Our art director and his friends all decided to take on an exciting challenge by trekking up Fansipan mountain. This is their story. Words by Thang Pham. Photos by Ha Nguyen, Thach Lam, Chuan Nguyen.
Fansipan is the highest mountain in Indochina (including Vietnam, Laos and Cambodia) at 3,143 metres. The mountain is located in Sapa city, Lao Cai province, and it belongs to the Hoang Lien Son mountain range.
To enjoy the fantastic view from the top of Fansipan, visitors now can easily do it by taking the cable cars from the base to the summit of the mountain in a mere 20 minutes for the more than reasonable price of VND600,000. If however, you would like to make the journey a bit more memorable, you can go trekking through the mountain via three paths: Tram Ton, Sin Chai and Cat Cat.
After having many discussions, we finally chose the path of Sin Chai – Tram Ton, the most difficult path to travel. We planned to accomplish this in two days, which has not been achieved by anyone for about 10 years. We were dedicating two days to do something that would place an unforgettable memory in our minds for the rest of our lives.
It is never too late, nor is it redundant to prepare and then over prepare your equipment before every trip. To ensure that you do not get into any trouble while climbing, these are the items and tools you must have: trekking shoes, climbing gloves, waterproof pants and jacket, long and short t-shirts, extra pairs of socks, a flashlight, chocolates and extra calories, and some painkillers. Things do go wrong.
The last step is hiring a guide that will lead you from the start to the end of the trek. Two or three porters will carry some of your luggage through the journey. The number of porters depends on the quantity of your luggage and how much you can carry yourself. At first, we only had two porters but then we asked for one more and that was a very smart decision. If we did not, we would not have made it as high as we did because the more you climb, the more heavy your luggage becomes.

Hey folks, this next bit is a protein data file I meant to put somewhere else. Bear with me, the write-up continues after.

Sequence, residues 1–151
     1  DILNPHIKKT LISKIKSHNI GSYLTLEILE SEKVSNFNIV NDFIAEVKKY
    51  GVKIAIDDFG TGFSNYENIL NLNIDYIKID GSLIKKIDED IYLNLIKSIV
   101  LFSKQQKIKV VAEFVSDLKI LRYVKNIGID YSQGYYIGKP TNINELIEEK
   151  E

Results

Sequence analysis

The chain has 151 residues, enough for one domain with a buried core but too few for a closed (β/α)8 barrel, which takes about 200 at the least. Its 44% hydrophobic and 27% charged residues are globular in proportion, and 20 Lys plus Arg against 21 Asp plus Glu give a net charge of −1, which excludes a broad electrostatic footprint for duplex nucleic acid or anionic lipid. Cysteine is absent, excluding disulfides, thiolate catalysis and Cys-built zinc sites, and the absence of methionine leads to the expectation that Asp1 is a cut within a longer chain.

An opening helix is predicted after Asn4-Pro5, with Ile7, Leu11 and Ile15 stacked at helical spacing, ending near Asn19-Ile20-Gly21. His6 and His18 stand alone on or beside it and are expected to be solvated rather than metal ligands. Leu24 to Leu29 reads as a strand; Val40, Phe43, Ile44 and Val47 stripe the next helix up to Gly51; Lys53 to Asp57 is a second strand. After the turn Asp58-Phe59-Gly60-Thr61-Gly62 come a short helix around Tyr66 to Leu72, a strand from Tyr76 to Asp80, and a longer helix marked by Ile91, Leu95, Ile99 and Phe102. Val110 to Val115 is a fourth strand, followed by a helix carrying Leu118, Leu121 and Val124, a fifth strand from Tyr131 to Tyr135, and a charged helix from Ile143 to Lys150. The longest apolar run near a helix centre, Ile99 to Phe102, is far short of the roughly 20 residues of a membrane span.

Ready To Go – Day 1
It took us eight hours from Hanoi to Lao Cai by train and one more hour from Lao Cai to Sapa by shuttle bus. After checking in at the hotel, preparing all of our luggage, contacting the guides and having breakfast, we finally start our journey. Because we were two hours behind schedule, we had to go quickly, and we hoped that we could reach the campsite before the sun went down. It was more difficult than we thought. The path was so easy at the beginning that we laughed at each other that we could make it just in one day. We definitely spoke too soon. The path became harder and higher. Our legs became slower and weaker. We started feeling the pain and stress of our boots and bags. No one laughed anymore. Honestly, we got kind of scared.
There were some points that we thought we could not make it because the path was very dangerous. You have to use your entire body to climb. You must make sure your feet step on a steady mound or a deep hole. Your hands must hold a root of a tree, or something that’s strong enough to hold your weight up.
Our legs burned with pain, and at noon, we decided to stop for lunch. It was the best lunch we’d ever had. Just some boiled eggs, boiled salty pork and sticky rice with some apples for dessert.
The view from where we stopped was magnificent. The mountains were all around us. It seemed endless. Some parts of the mountain are covered by clouds that are so close that we thought we could touch them. Half of the mountain was illuminated by sunlight, the other half was covered by the shadows of the clouds. After we finished our lunch, we kept going.